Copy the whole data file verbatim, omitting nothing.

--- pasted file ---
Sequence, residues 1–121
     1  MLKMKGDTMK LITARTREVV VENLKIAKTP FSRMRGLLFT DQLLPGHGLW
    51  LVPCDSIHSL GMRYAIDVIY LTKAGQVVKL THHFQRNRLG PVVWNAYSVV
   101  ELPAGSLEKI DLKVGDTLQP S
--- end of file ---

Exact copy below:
Sequence, residues 1–121
     1  MLKMKGDTMK LITARTREVV VENLKIAKTP FSRMRGLLFT DQLLPGHGLW
    51  LVPCDSIHSL GMRYAIDVIY LTKAGQVVKL THHFQRNRLG PVVWNAYSVV
   101  ELPAGSLEKI DLKVGDTLQP S